any substance used as a refrigerant is illegal to vent.. meaning that I could charge an A/C with propane (yes it will cool believe it or not.. ).. and its ILLEGAL to vent that propane whereas you *MAY* be able to vent propane from a tank to clear air from the lines legally when its not used as a refrigerant..



now onto this system tear down..



regardless of the Greenies or the former HVAC pros telling you not to vent a system, its downright dangerous to do so..



1. most refrigerants are heavier than air.. take that system apart and there is very little ventilation or breezer or you vent it inside the bus.. you can suffocate..



2. you dont know whats in there? remember how I said you could charge it with propane and it would get cold? you just stick a hose on and vent 7 lbs of propane into your engine compartment or bus interior...



3. any refrigerant in Liquid form can burn or if you accidentilly breathe in the liquid to your lungs it can frost bite your lungs.. on your hands it can burn quickly..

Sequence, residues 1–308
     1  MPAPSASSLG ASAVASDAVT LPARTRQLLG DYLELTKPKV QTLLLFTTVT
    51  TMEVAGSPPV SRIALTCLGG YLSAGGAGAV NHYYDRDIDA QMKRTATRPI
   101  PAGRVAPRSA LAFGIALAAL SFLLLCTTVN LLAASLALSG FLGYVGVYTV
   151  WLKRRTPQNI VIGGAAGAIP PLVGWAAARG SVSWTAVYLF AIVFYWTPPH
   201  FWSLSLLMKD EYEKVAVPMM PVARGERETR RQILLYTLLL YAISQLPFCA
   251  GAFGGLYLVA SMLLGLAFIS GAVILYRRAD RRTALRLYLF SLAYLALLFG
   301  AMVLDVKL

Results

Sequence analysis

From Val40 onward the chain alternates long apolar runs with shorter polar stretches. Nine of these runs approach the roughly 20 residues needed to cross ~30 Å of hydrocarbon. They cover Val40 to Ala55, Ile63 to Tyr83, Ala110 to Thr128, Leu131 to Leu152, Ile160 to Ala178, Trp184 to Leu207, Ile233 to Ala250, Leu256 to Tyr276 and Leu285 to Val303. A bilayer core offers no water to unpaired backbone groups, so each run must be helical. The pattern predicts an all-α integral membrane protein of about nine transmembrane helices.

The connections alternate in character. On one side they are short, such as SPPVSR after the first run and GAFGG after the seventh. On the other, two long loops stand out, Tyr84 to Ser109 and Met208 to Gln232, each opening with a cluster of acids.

any of the above is not liekly to happen but it could..



I was working on a 120 Ton liebert, system had 3 40 ton compressors and 2 8 foot condensor fans.. you actually sat inside the high side condensing unit to service it. unit tossed a fan belt which got gobbled up by the other fan.. both fans stopped.. and before the high pressure switch could shut the whole thing down a vibration eliminator exploded.. 90 pounds of freon in less than a minute.. my gloves, long sleeves and full face shield are what saved me from serious injury.. my jacket and parts of my face shield were frosty when I made it out of there...



Be safe out there working on your air conditioner..


this stuff is real..


-Christopher